• jon

    Posted 1151 days ago

  • This was an excellent piece of reporting. Dexter Filkins is a fantastic reporter. I have enjoyed reading almost everythig he has written for the past year or two in The New Yorker (before that, I didn't have a subscription). I don't know much at all about the history of Afghanistan, or the history of American involvement, so I though this was a good primer. It was easy to understand what sides are currently sitting at the table and what the Biden Adminstration has on its hands.

    There were some straight numbers that kind of blew me away. The estimated cost of American-led intervention is at $2 trillion, with the United States alone spending approximately $130 billion. I could see how the government could have swayed the American public to back intervention in Afghanistan (especially in the early 2000s when that was the definition of American foriegn policy). Filkins writes:

    Before the U.S. and its allies intervened, in 2001, the Taliban imposed a draconian brand of Islam, in which thieves' hands were cut off and women were put to death for adultery.

    Myself, I simply cannot moralize here because I don't know anything about either side of this conflict. But I can rationalize how statements like this could sway the American public. In the 2000s, we certainly thought that we were the symbol of freedom and democracy. That is no longer the case, obvious in our overwhelming urge to leave all foreign conflicts, as we realize that we have our own issues to work out in our country before we start trying to tell others how to run their government and society.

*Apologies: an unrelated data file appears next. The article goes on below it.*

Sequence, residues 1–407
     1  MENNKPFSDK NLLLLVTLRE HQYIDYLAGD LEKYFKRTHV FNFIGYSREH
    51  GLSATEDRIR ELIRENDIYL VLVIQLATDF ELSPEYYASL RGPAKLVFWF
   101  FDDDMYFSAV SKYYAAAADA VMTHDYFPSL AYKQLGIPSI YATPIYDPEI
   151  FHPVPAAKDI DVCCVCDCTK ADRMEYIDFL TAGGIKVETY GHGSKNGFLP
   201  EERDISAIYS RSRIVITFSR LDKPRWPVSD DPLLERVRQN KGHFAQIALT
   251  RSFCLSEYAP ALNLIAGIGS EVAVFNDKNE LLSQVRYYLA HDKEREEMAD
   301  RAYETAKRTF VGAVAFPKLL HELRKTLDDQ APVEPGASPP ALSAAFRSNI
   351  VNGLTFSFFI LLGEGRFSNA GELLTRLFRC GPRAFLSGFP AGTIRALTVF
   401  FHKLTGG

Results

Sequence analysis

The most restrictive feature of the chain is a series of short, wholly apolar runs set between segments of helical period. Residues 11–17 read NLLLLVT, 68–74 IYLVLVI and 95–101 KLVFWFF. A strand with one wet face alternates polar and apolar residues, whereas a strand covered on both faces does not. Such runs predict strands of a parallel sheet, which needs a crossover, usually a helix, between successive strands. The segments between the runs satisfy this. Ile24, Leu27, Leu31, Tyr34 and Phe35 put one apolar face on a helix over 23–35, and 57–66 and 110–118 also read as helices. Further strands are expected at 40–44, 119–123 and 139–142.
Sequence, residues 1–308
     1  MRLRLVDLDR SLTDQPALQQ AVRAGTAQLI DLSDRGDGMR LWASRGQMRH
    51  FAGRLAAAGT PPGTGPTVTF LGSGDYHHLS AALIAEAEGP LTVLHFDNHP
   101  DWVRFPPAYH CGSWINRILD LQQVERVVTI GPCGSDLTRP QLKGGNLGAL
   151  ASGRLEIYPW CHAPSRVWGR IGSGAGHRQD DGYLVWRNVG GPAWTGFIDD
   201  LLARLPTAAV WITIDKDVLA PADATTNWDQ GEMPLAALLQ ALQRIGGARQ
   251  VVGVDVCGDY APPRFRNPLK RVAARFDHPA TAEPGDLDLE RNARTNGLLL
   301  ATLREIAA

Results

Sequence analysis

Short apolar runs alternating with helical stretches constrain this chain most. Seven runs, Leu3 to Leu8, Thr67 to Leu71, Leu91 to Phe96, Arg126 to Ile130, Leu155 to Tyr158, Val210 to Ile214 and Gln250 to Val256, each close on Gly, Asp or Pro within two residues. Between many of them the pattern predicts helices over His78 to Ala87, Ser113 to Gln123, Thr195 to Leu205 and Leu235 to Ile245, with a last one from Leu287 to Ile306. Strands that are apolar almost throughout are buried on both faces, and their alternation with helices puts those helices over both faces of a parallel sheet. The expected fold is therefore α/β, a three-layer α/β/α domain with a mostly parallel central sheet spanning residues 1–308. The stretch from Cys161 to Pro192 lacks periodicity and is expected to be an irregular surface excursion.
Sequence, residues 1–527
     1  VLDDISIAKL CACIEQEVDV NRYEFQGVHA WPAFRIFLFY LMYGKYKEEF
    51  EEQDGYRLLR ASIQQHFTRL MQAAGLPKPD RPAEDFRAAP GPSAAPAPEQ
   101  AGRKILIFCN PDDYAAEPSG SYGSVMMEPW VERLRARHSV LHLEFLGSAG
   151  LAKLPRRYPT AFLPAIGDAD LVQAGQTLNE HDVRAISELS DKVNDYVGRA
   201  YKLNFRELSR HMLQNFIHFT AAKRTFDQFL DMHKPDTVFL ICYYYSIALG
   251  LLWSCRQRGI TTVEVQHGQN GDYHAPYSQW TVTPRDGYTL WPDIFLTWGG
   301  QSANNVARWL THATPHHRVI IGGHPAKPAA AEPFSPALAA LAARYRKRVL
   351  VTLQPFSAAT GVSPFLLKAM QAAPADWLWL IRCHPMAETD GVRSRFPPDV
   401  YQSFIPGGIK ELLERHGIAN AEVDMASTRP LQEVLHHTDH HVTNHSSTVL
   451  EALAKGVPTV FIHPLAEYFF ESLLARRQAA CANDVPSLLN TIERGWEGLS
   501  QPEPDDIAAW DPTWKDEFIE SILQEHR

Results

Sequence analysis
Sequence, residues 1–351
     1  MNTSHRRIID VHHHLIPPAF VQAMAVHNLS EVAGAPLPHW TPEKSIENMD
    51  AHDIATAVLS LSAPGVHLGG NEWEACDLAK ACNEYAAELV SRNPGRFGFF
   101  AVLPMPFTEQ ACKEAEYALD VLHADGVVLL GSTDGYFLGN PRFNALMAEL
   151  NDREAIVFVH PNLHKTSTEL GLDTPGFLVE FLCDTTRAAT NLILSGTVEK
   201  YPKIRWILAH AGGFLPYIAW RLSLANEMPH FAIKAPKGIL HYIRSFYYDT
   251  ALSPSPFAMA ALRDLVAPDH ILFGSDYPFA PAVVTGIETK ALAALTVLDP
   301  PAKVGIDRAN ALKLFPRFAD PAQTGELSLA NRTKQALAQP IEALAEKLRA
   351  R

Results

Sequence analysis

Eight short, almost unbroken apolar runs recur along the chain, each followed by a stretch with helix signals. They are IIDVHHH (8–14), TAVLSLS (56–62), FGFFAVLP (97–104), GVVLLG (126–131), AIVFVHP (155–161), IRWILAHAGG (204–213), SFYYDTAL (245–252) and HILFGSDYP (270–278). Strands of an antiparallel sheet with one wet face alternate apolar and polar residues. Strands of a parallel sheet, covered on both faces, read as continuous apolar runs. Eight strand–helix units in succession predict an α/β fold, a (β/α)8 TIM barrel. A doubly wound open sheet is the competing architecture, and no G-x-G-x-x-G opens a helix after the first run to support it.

Filkins intervies the Afghan Presiden, Ashraf Ghani. There is a very odd relationship here, because although Ghani thinks himself to be "elected," only 2 million people voted in a country of almost 40 million. 5% participation can simply not be considered a valid election in any sense of the word, and I suppose that's why the Trump Adminstration went directly to the Taliban for negotiations. It's just hard to justrify that Ghani is truly the will of the people with so few people actually expressing their will.

    And what I kept thinking about throughout the entire story was why is Afghanistan a single country? I think the same of the U.S. sometimes, and which was considered pretty thoughfully in this review of secession in Jacobin. As in the US, cities and the countryside have radically different views about how to live. Why does there need to be one central authority presiding over them both? Their society and economies are radically different, could there not be a way for us to build new forms of government where there are two independent governments that work together? Something like a modern city-state.

    I do not know how the Biden Adminstration will tackle this perdicament, and I have no moralizing to do here since I know so little about the conflict. But as Filkins writes, "negotiators from both sides told me that they felt a heavy responsibility to end the conflict." I think everybody agrees with that, including the American public, who want American troops out of Afghanistan and peace to be ensured. After 20 years, it is near impossible rationalize American involvement, and I think we have to consider that even if we entered with high hopes and morals, the reality of our actions is very different. Biden and his adminstration should act on this soon and communicate effectively with the American people.